Advanced Micro Devices (NASDAQ:AMD) recently announced a few graphics cards based on its new Fiji graphics processor design. These Fiji-based designs allow AMD to compete at the $549 and $649 price-points that rival graphics processor vendor, NVIDIA (NASDAQ:NVDA), has dominated for quite some time.
That said, according to website Hardware Luxx , which claims to have spoken to AMD's add-in board partners, AMD is having difficulties supplying enough of its Fiji graphics chips in order to satiate demand. In fact, supplies are reportedly so right that a number of AMD's add-in board partners are apparently unable to launch their own Fiji-based graphics cards.
Although some view such shortages as a good thing (i.e., demand outstripping supply), such a shortage actually seems to be quite negative for AMD. Let me explain.
Fiji tomorrow, or Maxwell today?
The first issue here is that the Radeon R9 Fury and the higher-end Radeon R9 Fury X aren't by any means "clean kills" in terms of performance, power consumption, or even outright value relative to the NVIDIA competition.
The R9 Fury X, AMD's cream-of-the-crop, is generally believed to be slightly slower than NVIDIA's GeForce GTX 980 Ti offered at the same price point. The $549 Fury, according to TechPowerUp, delivers more performance than the $499 GeForce GTX 980, but loses in terms of performance-per-watt and performance-per-dollar at high-end resolutions (2560-by-1440 and 3840-by-2160).
In addition to a value proposition that isn't so clear, the cards are also reportedly very difficult to find.
Indeed, when I went to Newegg.com (one of the most popular online retailers for computer gear) in search of a Radeon R9 Fury X, I saw the following:
To the gamer who wants to buy a Radeon R9 Fury or R9 Fury X today, I say "good luck."
In contrast, I seem to have no issue finding all sort of GeForce GTX 980 cards. There are also plenty of such cards that are designed to run at faster speeds than what NVIDIA runs them at out of the factory, which probably helps close the performance gap between the stock GTX 980 and the R9 Fury.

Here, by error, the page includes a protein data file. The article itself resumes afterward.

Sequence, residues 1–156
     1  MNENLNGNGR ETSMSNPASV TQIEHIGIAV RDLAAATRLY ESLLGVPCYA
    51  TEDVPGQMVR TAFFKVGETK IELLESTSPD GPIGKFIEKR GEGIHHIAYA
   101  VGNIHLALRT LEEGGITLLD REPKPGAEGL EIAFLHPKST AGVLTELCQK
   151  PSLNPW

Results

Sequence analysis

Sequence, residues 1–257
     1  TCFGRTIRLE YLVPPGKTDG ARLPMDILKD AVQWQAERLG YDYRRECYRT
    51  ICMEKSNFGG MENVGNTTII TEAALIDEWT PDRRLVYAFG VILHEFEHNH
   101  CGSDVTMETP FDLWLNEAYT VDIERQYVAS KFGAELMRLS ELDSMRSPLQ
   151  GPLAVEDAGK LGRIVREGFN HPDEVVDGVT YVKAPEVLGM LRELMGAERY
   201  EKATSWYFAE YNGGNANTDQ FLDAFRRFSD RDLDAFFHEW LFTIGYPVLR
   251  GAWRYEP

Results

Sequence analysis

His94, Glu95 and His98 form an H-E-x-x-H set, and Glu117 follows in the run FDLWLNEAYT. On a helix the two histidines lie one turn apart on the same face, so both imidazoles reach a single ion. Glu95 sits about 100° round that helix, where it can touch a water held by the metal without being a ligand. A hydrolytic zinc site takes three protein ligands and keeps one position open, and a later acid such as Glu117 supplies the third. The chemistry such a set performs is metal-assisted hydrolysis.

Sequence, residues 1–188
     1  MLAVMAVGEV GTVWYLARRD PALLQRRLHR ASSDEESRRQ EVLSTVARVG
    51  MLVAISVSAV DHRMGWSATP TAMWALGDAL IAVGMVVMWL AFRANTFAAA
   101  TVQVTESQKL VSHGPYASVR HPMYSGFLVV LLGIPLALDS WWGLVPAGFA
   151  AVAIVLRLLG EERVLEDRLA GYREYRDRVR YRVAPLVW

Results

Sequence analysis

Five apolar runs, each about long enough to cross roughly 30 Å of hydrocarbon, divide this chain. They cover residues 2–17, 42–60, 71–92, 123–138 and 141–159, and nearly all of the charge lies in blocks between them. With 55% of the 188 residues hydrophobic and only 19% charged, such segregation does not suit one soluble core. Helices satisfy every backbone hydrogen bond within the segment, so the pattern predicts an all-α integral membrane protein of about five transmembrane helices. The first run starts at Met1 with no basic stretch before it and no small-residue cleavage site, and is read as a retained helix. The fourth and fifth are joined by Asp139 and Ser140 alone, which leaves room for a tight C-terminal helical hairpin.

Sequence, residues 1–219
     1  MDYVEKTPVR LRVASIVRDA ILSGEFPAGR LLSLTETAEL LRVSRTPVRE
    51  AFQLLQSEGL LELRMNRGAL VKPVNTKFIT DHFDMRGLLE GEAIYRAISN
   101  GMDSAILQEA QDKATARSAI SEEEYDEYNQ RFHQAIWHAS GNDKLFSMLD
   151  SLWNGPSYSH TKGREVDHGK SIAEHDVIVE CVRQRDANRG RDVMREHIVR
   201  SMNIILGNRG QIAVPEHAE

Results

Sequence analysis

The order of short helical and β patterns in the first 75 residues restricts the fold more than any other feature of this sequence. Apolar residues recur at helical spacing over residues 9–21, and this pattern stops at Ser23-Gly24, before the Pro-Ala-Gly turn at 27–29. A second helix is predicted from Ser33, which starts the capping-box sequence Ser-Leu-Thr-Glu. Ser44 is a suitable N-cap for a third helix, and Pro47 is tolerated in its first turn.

The same applies to the GeForce GTX 980 Ti; there seem to be plenty of these cards in stock from a variety of vendors. There even seem to be a number of models that run at speeds higher than what NVIDIA specifies them at, which should help widen the performance gap between NVIDIA's best and AMD's best.
AMD needs to improve supply ASAP
NVIDIA seems to be in the driver's seat. At the $649-and-up price points, NVIDIA's offerings seem to be widely available and deliver better performance to boot. Against the regular Fury, it seems that there are plenty of GTX 980 models available that would arguably be more attractive to buyers, especially as many factory overclocked versions seem to retail for under $549.
Although having product in greater supply won't fundamentally change the value proposition provided by the Radeon R9 Fury/Fury X, AMD at the very least needs to make sure that cards are available so that users who need to upgrade now (especially those who have been waiting for both AMD and NVIDIA to launch their respective chips) and have a slight preference for AMD will not be swayed by an NVIDIA offering.